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Campaign builds against Enbridge pipeline

Bradley Hughes, John Bell

January 10, 2012

First Nations groups are leading a growing campaign against the looming threat of the Enbridge Northern Gateway project.

Enbridge wants to build a 1170km-long pipeline to ship tar sands synthetic oil from Alberta to a port in Northern BC. The proposed route will pass over 1,000 salmon-bearing streams and rivers, and will require over 200 oil tankers into and out of the port each year.

Enbridge’s environmental record is atrocious. Between 1999 and 2008 Enbridge recorded 610 spills that released 132,000 barrels of hydrocarbons into farms, wetlands and waterways on the continent. The only way to prevent the environmental devastation that will come from spills along the pipeline route and along the coast is to stop the project before it starts.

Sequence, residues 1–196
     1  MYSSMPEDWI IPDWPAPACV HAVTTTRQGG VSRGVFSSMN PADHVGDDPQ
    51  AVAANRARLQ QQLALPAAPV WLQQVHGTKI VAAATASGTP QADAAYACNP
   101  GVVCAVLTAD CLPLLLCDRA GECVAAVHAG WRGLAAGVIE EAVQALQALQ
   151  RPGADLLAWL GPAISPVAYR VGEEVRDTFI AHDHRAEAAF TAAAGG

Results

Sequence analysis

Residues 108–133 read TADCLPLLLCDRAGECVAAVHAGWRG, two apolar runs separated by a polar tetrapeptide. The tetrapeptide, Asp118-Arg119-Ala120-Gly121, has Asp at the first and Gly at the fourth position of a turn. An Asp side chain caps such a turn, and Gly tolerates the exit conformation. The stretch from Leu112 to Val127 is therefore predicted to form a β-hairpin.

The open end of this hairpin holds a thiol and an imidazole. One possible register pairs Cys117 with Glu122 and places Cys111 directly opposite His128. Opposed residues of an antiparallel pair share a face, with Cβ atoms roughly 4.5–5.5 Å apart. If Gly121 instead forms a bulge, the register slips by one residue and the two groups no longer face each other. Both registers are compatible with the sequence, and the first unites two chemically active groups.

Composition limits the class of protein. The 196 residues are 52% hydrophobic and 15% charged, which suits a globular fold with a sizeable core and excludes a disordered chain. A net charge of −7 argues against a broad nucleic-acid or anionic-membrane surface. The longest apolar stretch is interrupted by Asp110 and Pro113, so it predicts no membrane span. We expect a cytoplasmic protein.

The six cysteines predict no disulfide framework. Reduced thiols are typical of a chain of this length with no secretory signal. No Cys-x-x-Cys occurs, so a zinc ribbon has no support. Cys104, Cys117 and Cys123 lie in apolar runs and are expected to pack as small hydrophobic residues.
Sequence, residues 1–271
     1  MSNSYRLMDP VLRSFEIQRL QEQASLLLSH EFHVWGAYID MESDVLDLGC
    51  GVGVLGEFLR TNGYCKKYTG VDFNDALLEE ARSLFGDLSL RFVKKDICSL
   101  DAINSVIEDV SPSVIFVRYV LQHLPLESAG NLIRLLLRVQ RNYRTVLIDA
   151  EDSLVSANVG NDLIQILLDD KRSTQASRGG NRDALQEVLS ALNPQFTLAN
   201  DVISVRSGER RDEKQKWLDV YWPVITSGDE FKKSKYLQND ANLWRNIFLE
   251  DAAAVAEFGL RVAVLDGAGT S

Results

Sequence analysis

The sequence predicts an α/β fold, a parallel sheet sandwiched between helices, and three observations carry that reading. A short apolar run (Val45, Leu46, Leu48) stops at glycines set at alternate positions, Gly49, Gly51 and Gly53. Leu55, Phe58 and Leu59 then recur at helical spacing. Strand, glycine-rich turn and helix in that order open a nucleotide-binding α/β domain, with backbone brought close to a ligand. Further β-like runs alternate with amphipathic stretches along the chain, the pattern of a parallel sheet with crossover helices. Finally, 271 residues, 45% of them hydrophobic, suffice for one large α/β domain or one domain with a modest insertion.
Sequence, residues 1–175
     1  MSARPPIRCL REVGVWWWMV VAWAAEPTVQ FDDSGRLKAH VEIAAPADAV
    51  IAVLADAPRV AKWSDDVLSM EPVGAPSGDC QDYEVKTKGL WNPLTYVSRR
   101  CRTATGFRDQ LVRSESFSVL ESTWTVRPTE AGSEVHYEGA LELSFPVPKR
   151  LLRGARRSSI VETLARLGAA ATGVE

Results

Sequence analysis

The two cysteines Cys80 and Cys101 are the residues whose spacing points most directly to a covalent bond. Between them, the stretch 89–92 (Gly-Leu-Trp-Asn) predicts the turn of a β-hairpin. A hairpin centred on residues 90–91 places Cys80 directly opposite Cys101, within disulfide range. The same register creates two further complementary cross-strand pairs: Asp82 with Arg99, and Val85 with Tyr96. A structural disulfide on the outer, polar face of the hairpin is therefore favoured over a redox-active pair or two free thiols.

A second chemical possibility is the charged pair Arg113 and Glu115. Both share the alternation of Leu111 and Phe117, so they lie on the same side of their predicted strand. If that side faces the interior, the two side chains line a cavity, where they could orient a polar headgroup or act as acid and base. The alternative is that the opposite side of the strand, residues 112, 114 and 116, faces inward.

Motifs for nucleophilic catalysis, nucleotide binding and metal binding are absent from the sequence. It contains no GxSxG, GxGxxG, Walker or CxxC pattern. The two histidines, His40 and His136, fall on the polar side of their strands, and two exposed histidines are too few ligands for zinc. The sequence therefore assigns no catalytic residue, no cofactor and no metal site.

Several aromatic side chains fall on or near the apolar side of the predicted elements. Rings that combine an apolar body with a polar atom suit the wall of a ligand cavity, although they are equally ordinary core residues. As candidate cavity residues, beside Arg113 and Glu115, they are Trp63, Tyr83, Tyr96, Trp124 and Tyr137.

Early in December an “agreement” between the Gitxsan First Nation of BC and Enbridge made front-page news. But the deal had been signed without the knowledge or support of the Chiefs, and without consultation or debate among the Gitxsan people. A press release from the Gitxsan First Nation two days later was unequivocal: they would join with other First Nations to oppose the pipeline.

Not only does the proposed pipeline route go through some of the most environmentally sensitive land in the west; this land is unceded First Nations Territory. Besides being an environmental crime, the pipeline would amount to theft of First Nations land. A coalition of over 130 aboriginal groups has promised to blockade the route, with the support of environmentalists and allies.

A majority of people in BC oppose the pipeline. After an intensive one-month campaign by environmental organizations including ForestEthics and the Dogwood Initiative, over 4,000 people have registered to make oral statements to the panel that is reviewing the Enbridge pipeline proposal.

The next step in the campaign is to recruit people to put their opposition in writing and submit it as Letter of Comment to the panel. The deadline for letters is March 13, 2012.

Visit for all the official details, and contact ForestEthics for help in writing your letter.

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